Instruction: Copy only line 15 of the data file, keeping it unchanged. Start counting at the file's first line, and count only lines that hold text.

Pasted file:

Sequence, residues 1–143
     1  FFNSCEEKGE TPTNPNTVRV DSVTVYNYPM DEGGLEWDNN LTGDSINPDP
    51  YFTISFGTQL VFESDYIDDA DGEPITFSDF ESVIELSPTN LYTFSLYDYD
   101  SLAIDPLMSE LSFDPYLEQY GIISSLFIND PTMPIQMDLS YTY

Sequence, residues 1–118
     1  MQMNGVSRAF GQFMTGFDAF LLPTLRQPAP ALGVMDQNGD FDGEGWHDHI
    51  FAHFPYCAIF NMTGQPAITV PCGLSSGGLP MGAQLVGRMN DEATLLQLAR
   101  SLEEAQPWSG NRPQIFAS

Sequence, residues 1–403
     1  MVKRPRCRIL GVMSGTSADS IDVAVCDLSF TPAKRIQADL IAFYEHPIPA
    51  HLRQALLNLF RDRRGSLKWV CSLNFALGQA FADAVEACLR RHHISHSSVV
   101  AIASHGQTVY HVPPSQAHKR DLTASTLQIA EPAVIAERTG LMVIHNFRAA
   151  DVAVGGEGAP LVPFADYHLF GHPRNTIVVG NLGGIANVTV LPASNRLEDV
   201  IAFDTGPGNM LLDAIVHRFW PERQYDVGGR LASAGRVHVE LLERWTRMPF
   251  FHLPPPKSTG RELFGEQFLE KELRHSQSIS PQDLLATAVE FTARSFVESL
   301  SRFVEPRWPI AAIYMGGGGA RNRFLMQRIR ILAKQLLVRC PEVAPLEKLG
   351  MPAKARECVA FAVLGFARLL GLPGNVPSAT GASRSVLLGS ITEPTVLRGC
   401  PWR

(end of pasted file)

   251  FHLPPPKSTG RELFGEQFLE KELRHSQSIS PQDLLATAVE FTARSFVESL